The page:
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A Different Treasure on Millionaire's Row

By Tulora Roeckers

 

Reilihan house

“When you gut an old house you always hope you’re going to find diamonds and gold,” said Bobbi Miles, director of economic development in Smith Center Kansas.  Yet, although they have never found such gemstones or precious metals while renovating their old Victorian style home in Smith Center, Bobbi and her husband Bruce have arguably found value of another kind.

Bobbi Miles is originally from Springfield, Ohio, and met her now husband Bruce, from Illinois, while they both pursued advanced degrees at the University of Colorado.  Interestingly, the couple came to reside in North Central Kansas through their love for flying and a good old fashioned Kansas thunderstorm.  Bruce and Bobbi were flying back to Colorado from St. Louis during the summer of 1999, when they encountered a storm front over northwest Kansas and were forced to find a place to land and wait out the storm.  That place was Smith Center, Kansas.  The couple spent the night in a local bed and breakfast, but soon found themselves taken by the community in which they had found temporary shelter from the storm and decided to purchase a home there for their retirement.

That home sits directly north of the newly renovated Wagner Park and the Old Dutch Mill.  In fact, the park can be seen from the master bedroom porch on the second floor.  Bobbi and Bruce’s home is one of several homes on a street in Smith Center that is known locally as “Relihan Row” or “Millionaire’s Row” because of the history of the original builders.

At about the turn of the century, brothers Dan and Dave Relihan moved to Smith Center and each built large and often two storied homes on the same street.  Dan Relihan was a doctor and his brother Dave was a lawyer, career traditions that extended into successive generation of Relihans who became doctors or lawyers according to their father’s occupation.  This second generation in turn built new houses on the same street, as did one member of a third generation of Relihans.

“There’s a lot of history there,” Bobbi says.  “And as you know with any family there are skeletons in the closet and all kinds of neat stories that go along with it.”

Dave Relihan, lawyer and original builder of Bruce and Bobbi’s home, died before he was able to move into the house, however not before leaving a mystery behind.  On the third floor of the house built into a large finished closet there was a big tub that you’d more likely expect to find in a field holding water for thirsty stock.  There were discrepancies as to what purpose such an unusual amenity would serve in such a home, and theories circulated about the tub’s use for the collection of rain water for the home as well as for Mr. Relihan to soak in.  One day in the fall of 2005 the mystery was solved.  As Bobbi tells it: “We were working putting up some plumbing and a letter fell out from below the third floor flooring onto the second floor and as I picked it up I realized it was a letter to Dave Relihan dated 1904 from a man who sold mineral water.”   The letter detailed the transactions and delivery of the water suggesting that the tub itself was indeed installed for the wealthy gentleman to soak in on the third floor.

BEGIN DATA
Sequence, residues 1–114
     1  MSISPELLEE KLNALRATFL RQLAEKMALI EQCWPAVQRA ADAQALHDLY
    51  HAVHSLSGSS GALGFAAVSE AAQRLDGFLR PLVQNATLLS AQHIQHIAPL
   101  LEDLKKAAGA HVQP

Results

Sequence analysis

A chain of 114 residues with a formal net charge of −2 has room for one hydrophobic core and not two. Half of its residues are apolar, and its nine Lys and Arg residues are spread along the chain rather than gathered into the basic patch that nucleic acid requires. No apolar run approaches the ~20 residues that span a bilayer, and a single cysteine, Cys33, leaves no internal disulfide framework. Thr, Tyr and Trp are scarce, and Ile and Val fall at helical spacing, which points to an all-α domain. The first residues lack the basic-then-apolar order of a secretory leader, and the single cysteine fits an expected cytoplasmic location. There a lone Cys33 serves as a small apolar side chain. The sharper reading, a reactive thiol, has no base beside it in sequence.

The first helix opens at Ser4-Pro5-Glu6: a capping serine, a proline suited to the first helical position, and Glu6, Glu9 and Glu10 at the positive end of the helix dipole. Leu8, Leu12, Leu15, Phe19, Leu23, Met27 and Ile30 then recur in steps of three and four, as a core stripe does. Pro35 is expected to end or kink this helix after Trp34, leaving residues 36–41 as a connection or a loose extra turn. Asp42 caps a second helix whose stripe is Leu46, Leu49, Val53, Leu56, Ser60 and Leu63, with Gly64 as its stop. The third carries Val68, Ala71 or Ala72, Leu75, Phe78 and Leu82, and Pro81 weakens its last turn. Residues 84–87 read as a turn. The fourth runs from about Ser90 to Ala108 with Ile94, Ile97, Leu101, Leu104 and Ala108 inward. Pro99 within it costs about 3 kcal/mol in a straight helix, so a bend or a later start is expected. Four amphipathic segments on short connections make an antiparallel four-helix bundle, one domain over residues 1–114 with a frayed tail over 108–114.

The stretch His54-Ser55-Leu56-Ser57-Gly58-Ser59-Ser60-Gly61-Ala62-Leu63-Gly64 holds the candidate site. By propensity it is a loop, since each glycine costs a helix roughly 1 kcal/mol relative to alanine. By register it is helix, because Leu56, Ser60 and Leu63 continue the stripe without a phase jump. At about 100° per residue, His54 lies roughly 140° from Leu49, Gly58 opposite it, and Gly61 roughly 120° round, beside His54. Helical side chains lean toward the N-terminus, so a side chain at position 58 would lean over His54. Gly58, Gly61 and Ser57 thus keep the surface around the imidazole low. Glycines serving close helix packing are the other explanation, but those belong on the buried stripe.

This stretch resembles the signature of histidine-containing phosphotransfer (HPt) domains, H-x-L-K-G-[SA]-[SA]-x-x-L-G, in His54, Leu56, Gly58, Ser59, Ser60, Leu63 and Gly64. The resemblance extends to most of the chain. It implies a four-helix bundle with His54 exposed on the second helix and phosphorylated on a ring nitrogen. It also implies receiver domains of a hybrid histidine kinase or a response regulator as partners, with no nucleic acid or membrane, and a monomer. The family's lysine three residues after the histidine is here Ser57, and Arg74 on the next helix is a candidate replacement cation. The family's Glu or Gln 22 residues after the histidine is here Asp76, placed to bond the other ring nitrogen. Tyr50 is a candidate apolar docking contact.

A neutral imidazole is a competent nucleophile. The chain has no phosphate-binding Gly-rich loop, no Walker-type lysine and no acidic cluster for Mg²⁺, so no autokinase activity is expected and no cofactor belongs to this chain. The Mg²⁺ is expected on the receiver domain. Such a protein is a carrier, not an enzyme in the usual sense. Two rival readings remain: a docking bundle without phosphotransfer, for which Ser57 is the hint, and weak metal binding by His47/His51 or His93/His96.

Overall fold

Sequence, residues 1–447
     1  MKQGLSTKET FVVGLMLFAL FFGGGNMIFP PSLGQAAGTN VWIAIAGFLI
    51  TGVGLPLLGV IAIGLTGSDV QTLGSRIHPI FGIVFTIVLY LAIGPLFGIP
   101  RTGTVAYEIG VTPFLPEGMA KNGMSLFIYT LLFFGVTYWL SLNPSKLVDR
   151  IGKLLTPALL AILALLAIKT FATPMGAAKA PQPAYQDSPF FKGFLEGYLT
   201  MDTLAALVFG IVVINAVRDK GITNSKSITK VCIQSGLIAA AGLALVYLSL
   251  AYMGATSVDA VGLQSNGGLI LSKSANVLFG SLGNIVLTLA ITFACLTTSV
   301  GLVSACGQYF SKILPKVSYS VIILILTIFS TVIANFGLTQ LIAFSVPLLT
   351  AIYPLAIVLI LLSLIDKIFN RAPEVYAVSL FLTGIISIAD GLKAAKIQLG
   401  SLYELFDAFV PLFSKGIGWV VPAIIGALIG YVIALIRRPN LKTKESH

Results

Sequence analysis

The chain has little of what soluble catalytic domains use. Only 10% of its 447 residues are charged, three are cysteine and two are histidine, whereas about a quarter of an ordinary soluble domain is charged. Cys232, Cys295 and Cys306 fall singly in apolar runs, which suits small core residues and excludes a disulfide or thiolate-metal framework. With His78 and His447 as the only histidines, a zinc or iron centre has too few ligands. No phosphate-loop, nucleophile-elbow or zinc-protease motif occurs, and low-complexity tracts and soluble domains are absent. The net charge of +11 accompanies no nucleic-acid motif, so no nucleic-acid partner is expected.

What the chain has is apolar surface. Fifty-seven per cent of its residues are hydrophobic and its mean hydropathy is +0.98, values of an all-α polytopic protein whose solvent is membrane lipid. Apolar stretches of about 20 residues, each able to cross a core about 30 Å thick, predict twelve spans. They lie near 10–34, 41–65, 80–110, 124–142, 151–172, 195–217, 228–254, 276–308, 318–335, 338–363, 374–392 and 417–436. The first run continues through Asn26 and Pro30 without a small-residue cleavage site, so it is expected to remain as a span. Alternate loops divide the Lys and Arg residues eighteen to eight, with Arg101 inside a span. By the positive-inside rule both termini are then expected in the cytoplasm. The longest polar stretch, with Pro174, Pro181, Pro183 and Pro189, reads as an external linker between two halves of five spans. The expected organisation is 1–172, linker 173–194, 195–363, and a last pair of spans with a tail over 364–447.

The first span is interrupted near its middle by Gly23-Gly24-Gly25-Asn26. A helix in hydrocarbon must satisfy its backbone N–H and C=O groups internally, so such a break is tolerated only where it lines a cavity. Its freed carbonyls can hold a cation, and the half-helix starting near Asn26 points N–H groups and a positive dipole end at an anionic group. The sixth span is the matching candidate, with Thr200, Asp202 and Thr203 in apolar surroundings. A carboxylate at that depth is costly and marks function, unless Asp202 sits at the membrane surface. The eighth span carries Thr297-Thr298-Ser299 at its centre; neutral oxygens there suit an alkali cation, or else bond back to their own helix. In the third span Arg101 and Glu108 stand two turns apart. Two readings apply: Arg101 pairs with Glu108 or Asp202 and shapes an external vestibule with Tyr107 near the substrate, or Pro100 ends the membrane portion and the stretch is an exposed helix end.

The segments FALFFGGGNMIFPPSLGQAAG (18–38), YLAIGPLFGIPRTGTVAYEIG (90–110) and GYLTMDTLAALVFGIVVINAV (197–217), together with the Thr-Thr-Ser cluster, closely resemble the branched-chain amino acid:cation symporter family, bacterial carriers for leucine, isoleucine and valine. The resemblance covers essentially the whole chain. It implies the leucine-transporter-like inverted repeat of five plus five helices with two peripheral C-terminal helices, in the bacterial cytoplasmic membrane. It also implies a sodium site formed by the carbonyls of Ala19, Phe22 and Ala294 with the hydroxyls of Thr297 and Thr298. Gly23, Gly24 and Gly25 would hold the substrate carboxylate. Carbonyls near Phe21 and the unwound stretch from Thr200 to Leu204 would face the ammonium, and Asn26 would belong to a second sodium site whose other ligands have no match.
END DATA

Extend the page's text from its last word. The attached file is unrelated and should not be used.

Along with the unusual bathing facilities, another oddity Bruce and Bobbi found within the structure itself was that all the lights and all the electric power in the house had parallel gas lines as a back-up. “Apparently back then they didn’t trust electricity yet,” Bobbi said. “They thought that it might have been just a fad and that it might not work in the long run so they went ahead and plumbed it all for gas in case the electric ever failed.”  Some of the duplicated pipes and wires remain in the house, for nostalgia’s sake.

Aside from these various builder eccentricities, the Miles’s also found an inch of dust in the rafters and on the third floor which had been deposited during the “dirty thirties” dust bowl era, a sampling of which they have kept in a jar.

Ingleboro Mansion
Renovating a turn of the century home is neither easy nor cheap, as the Miles’s know first hand.  They are not only in the process of updating the Relihan house, they have already remodeled the bed and breakfast, where they had sought shelter seven years earlier, called Ingleboro Mansion which was constructed in 1899 by a local banker.  (More information about the Ingleboro Mansion can be found at their website.)

Fortunately, many areas have incentives in place that can provide assistance for property improvement.  For example, what made some of the work possible for Bruce and Bobbi was a county wide tax break in which essentially anyone who can show improvement of more than $5,000 towards their property’s value is then eligible for a first year exemption and gradual increase of taxation 10% per year on the improvement for each successive year.  The improvement can include work done on existing structures or the construction of new structures on property whether it be a farm, home, or business. “That’s what’s so wonderful about this program,” Bobbi stated, “it’s open to anybody who
wants to improve the value of their property.”  Such neighborhood revitalization programs are not limited to Smith County, but are also available in other Kansas counties to varying degrees.

As for tangible treasure, although some people might say Bobbi and Bruce have only found an old letter and a lot of dust, they might argue they have found diamonds and gold of a different sort in Smith Center, Kansas, making them a new kind of millionaire on Relihan Row.

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For more information on rehabilitation tax incentitives, visit the State of Kansas Web Site.

 

 

 

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Last Updated July 14, 2006
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